• Each Beneficial Owners must provide:
    • Full legal names
    • Date of birth
    • Complete current addresses
    • Unique identifying number/issuing jurisdiction/image (government issued photo identification, such as a driver’s license or passport)

When must reporting company provide updates or corrected BOI Reports?

An updated BOI Report containing updates, corrections, and additions are to be made within 30 days of the reporting company becoming aware of the change.  CIDs should calendar this date when planning election timelines to make sure updates are reported in a timely manner.  However, as the makeup of the CID Board of Directors may shift throughout the year as seats are vacated and filled through appointment, CIDs should keep the 30-day requirement in mind even outside of normal election cycles.

Consequences of failing to provide timely or accurate BOI Reports

The willful failure to provide timely, complete or updated BOI Reports to FinCEN, or the willful submission or attempt to submit a false or fraudulent BOI report may also result in a civil or criminal penalty, including civil penalties of up to $500 for each day the violation continues, or criminal penalties including imprisonment for up to two years and/or a fine of up to $10,000. Senior officers of an entity that fails to file a required BOI report may also be held accountable for that failure.

Is my reporting company required to report its company applicants?

A domestic reporting company is required to report its company applicants if it is created on or after January 1, 2024.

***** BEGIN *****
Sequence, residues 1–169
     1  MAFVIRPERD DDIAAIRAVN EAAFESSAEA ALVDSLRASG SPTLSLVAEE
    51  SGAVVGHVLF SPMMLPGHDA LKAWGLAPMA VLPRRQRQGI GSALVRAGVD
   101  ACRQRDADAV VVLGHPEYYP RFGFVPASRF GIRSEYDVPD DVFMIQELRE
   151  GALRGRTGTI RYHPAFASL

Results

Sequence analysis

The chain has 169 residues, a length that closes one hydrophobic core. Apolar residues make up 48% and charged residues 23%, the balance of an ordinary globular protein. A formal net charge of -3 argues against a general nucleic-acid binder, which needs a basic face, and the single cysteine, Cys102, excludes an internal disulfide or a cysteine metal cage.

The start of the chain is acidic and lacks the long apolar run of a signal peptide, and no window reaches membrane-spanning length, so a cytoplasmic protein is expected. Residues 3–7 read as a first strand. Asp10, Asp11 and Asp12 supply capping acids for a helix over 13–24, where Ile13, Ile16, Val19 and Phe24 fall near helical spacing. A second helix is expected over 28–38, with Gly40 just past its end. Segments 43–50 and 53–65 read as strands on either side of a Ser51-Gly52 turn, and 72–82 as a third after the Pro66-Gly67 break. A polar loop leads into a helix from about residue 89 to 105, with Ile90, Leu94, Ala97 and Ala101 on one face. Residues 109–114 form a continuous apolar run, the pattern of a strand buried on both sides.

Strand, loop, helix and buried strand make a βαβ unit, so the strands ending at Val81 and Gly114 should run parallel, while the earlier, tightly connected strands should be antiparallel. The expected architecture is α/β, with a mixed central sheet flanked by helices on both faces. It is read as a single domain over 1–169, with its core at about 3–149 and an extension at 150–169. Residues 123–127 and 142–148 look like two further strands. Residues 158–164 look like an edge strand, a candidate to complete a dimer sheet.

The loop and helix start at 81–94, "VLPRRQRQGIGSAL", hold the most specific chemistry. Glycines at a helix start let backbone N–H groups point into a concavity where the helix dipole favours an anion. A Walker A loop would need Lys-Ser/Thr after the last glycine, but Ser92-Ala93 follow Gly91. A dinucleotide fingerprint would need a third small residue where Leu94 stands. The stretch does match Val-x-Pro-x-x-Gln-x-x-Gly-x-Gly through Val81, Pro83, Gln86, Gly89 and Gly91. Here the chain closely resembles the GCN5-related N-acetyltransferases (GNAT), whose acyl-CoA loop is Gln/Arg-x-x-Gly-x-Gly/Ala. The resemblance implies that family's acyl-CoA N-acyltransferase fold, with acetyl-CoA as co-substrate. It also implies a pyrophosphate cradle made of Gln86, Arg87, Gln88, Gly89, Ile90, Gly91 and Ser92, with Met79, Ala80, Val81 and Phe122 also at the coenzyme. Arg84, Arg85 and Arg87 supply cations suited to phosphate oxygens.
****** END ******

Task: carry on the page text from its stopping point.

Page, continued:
A domestic reporting company is not required to report its company applicants if it was created before January 1, 2024.

Efforts are being made to exempt CIDs and/or extend the reporting deadline

In late 2023, the U.S. House of Representatives passed the Protect Small Business and Prevent Illicit Financial Activity Act (H.R. 5119) by a vote of 400-1. This bill would delay the Corporate Transparency Act reporting requirements for one year. Currently, a companion bill is before the Senate.  How the Senate will vote on this issue is unclear at the time this article is being written. However, some industry commentators have stated they believe the Senate will approve a 1-year hold on all Corporate Transparency Acts reporting requirements.  In addition, they have stated it is less likely a CID exemption will be approved.

[1] FinCEN’s Small Entity Compliance Guide, December 2023, Version 1.1 can be found at: https://www.fincen.gov/sites/default/files/shared/BOI_Small_Compliance_Guide.v1.1-FINAL.pdf

[2] Beneficial Ownership Information Reporting Rule, Title 31, Section 1010.380 of the Code of Federal Regulations.

[3] FinCEN’s Small Entity Compliance Guide, December 2023, Version 1.1, at 2.

[4] Id. at 12.

[5] Id. at 16.

[6] Id.

[7] Id. at 17.

[8] Id. at 17.

[9] Id. at 30.


Kieran J. Purcell Elected Managing Shareholder of Epsten, APC

Epsten, APC is pleased to announce the election of Kieran J. Purcell, Esq., CCAL, as the firm’s new Managing Shareholder, effective January 2024. Kieran served as the firm’s Chief Financial Officer for the past two years and has been a Shareholder with the firm since 2006.  Kieran has been an integral part of Epsten, APC’s presence in the common interest development industry and a tireless advocate for community association as Chair of the California Legislative Action Committee (CLAC).